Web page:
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Vishtèn Connexions adds Acadian sizzle to Festival du Bois in Coquitlam

Acadian Vishtèn Connexions
Vishtèn Connexions members Pascal Miousse and Emmanuelle LeBlanc carried on after the loss of the band's third member, Pastelle LeBlanc, in 2022.

One of Prince Edward Island’s most loved roots bands will perform for free this weekend at Maillardville’s annual music and culture festival. The Acadian duo Vishtèn Connexions is one of the headliners at the 35th-anniversary edition of Festival du Bois, which celebrates francophone and Métis culture. This year’s event is free and runs from Friday (March 8) to Sunday (March 10) in Mackin Park in Coquitlam.

There’s a tragic back story behind Vishtèn Connexions. One member of the group, Pastelle LeBlanc, developed breast cancer and died at 42 in April 2022. The two surviving members are Pastelle’s partner, Pascal Miousse, and her twin sister, Emmanuelle LeBlanc.

“Elle Tempête” was recorded when Pastelle was still alive.

Last year, Pascal and Emmanuelle commemorated Pastelle’s memory by releasing a bilingual single, “More Love”. They did this in partnership another PEI band, the East Pointers, which had also lost a member.

Pastelle, Emmanuelle, and Pascal co-wrote “More Love”, a bouncy, upbeat, and hypnotic number with evocative vocal harmonies. Musicians from the two bands issued the song under the name 6 Hearts.

Last year, CBC journalist Carolyn Ryan reported that “More Love” was discovered on Pastelle’s phone after she had died.

CBC also noted that there may be 200 other pieces that Pastelle also saved. The surviving band members have since obtained a Canada Council grant to cover the cost of archiving these compositions.

Earlier this year, Vishtèn Connections released “Sauvage”” with singer-songwriter Catherine MacLellan. The band says that this is the third bilingual single from their upcoming album, Expansions. This disc will include a different artist on each track.

“Sauvage” with Catherine MacLellan.

Reviving Acadian culture

Festival du Bois is shining a spotlight on Acadian music in recognition of the 2024 Acadian Congress. This once-in-every-five-years event will take place in Southwest Nova Scotia from August 10 to 18.

There’s a sad history as well as an inspiring cultural revival taking place. The Acadians descend from French settlers who established a colony in the early 17th century on the Atlantic coast of North America. One of five regions of New France, Acadia extended from the Maritime provinces to parts of Quebec and Maine.

The Acadians developed their own distinct culture. Like French settlers in other parts of North American, some married Indigenous Peoples. However, during the Seven Years’ War between Britain and France, British military officers accused the Acadians of being French sympathizers. As a result, many were deported in an act of ethnic cleansing.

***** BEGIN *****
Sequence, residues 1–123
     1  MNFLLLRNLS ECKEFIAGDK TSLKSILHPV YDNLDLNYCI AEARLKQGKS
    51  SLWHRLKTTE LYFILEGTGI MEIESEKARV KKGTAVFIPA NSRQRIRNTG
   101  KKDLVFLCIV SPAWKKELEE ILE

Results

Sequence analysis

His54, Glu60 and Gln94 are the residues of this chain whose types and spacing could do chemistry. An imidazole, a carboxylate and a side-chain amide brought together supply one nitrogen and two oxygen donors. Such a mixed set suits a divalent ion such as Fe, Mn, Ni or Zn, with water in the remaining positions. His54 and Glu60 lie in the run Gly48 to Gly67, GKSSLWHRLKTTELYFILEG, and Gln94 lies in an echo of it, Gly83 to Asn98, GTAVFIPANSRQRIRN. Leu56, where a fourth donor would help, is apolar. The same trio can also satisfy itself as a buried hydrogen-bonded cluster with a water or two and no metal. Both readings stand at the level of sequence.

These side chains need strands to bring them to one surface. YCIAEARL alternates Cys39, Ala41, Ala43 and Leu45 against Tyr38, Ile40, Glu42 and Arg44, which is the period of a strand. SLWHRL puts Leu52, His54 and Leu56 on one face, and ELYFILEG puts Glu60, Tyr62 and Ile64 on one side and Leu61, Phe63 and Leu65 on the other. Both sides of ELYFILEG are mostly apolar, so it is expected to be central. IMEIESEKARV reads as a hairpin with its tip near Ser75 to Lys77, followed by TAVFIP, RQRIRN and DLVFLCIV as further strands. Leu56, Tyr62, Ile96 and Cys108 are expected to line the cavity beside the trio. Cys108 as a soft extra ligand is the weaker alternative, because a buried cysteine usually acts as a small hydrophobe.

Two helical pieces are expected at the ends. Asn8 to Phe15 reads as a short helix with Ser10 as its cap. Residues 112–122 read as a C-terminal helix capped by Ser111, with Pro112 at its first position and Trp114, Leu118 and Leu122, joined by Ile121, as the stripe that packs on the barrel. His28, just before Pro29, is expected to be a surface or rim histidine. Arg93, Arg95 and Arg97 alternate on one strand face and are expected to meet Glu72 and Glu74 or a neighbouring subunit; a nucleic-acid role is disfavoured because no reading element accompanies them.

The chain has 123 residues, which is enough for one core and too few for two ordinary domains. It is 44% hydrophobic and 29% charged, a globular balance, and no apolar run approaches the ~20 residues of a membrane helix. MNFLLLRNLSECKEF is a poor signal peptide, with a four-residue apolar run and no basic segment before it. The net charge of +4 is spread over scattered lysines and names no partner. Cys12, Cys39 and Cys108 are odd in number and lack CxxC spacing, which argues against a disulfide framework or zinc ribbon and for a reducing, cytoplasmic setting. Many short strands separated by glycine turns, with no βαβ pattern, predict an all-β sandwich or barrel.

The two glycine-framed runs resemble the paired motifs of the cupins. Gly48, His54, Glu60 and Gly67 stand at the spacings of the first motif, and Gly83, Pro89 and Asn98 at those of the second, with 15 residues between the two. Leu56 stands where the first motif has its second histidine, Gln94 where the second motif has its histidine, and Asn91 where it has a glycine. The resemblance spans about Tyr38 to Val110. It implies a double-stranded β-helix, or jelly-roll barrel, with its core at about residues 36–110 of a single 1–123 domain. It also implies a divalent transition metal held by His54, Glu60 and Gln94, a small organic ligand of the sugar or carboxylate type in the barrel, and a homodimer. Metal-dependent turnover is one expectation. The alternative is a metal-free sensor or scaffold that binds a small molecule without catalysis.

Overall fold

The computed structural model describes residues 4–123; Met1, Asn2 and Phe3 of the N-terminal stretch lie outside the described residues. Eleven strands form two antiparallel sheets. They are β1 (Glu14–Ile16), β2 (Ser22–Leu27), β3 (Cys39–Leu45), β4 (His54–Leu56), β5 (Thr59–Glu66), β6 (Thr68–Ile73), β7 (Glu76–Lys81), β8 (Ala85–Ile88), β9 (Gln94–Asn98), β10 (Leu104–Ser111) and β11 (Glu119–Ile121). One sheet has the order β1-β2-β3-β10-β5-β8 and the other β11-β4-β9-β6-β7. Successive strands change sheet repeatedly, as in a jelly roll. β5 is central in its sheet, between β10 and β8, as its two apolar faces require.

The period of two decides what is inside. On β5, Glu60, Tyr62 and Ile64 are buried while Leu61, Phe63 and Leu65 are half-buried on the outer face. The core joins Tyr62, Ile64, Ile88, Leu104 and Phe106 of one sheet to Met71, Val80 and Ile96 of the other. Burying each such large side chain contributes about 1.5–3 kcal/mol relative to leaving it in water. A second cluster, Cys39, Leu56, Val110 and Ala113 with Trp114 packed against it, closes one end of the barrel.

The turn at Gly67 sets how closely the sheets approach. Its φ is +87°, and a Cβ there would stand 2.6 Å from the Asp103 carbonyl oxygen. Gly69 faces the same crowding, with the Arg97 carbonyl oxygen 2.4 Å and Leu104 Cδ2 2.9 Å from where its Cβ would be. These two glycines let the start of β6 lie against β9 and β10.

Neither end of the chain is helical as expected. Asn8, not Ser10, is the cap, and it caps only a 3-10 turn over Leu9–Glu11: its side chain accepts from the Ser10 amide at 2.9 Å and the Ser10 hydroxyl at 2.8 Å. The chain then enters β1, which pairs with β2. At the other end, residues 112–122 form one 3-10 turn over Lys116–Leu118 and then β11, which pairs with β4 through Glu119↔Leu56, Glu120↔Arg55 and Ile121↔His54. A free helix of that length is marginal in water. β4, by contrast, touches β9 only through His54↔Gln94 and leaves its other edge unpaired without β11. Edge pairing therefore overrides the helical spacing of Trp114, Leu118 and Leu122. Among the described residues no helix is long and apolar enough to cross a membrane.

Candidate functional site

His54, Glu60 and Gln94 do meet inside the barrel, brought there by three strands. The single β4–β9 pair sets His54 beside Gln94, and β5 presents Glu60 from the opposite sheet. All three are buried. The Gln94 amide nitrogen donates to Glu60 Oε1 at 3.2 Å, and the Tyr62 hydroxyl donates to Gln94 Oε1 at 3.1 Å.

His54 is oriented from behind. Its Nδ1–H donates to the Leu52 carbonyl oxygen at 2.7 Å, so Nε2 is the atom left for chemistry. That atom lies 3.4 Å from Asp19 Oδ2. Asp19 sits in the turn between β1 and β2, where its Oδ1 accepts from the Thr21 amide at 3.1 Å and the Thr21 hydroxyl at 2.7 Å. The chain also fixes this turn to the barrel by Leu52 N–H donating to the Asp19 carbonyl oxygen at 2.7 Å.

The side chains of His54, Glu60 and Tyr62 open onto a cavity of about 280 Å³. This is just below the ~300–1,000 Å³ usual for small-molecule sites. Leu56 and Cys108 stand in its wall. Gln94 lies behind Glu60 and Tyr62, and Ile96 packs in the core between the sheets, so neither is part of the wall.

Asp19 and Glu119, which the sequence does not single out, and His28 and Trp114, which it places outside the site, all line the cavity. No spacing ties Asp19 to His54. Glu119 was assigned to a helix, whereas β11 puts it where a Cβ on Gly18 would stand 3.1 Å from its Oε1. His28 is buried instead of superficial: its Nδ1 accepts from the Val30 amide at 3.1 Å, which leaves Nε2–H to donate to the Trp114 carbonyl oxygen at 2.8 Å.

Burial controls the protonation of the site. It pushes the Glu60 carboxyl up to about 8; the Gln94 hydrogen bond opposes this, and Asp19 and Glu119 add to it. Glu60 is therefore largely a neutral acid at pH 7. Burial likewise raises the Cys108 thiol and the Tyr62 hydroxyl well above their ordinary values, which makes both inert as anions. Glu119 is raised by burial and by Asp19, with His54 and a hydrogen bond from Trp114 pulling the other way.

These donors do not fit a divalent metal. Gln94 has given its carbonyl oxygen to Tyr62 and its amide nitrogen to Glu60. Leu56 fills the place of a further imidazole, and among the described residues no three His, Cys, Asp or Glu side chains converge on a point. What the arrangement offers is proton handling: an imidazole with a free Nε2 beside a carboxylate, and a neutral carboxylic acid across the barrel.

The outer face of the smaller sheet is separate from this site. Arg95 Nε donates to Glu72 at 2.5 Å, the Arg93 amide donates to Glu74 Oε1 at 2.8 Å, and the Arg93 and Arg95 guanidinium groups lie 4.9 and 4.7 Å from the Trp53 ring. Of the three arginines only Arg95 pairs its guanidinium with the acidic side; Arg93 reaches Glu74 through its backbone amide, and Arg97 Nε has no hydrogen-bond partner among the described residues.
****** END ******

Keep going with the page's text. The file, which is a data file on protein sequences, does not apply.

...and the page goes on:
Known as Le Grand Dérangement, these forced removals occurred between 1755 and 1764. Some were sent to the Caribbean, France, and England, while many others died before reaching their destinations. Meanwhile, Spain lured some Acadians to what’s now Louisiana, where they established Cajun culture.

The British colonists, on the other hand, prohibited the Acadians from returning to what became Nova Scotia, preferring instead to lure Loyalists fleeing American colonies.

However, some Acadians still made their way back to New Brunswick. Nowadays, about 30 percent of New Brunswick residents speak French regularly at home.

Event details

Festival du Bois runs from Friday (March 8) to Sunday (March  10) at Mackin Park in Coquitlam. It is free but registration is required. Vishten Connexions will perform at 7 p.m. on the main stage on  Saturday (March 9) and 12:45 p.m. on Sunday. The duo will also offer a workshop on Saturday at 12:30 at Mackin House. The full Festival du Bois lineup is available on the website.

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Charlie Smith

Charlie Smith

Pancouver editor Charlie Smith has worked as a Vancouver journalist in print, radio, and television for more than three decades.

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We would like to acknowledge that we are gathered on the traditional and unceded territories of the Coast Salish peoples of the xʷməθkwəy̓əm (Musqueam), Skwxwú7mesh (Squamish), and Səl̓ílwətaɬ (Tsleil-Waututh) Nations. With this acknowledgement, we thank the Indigenous peoples who still live on and care for this land.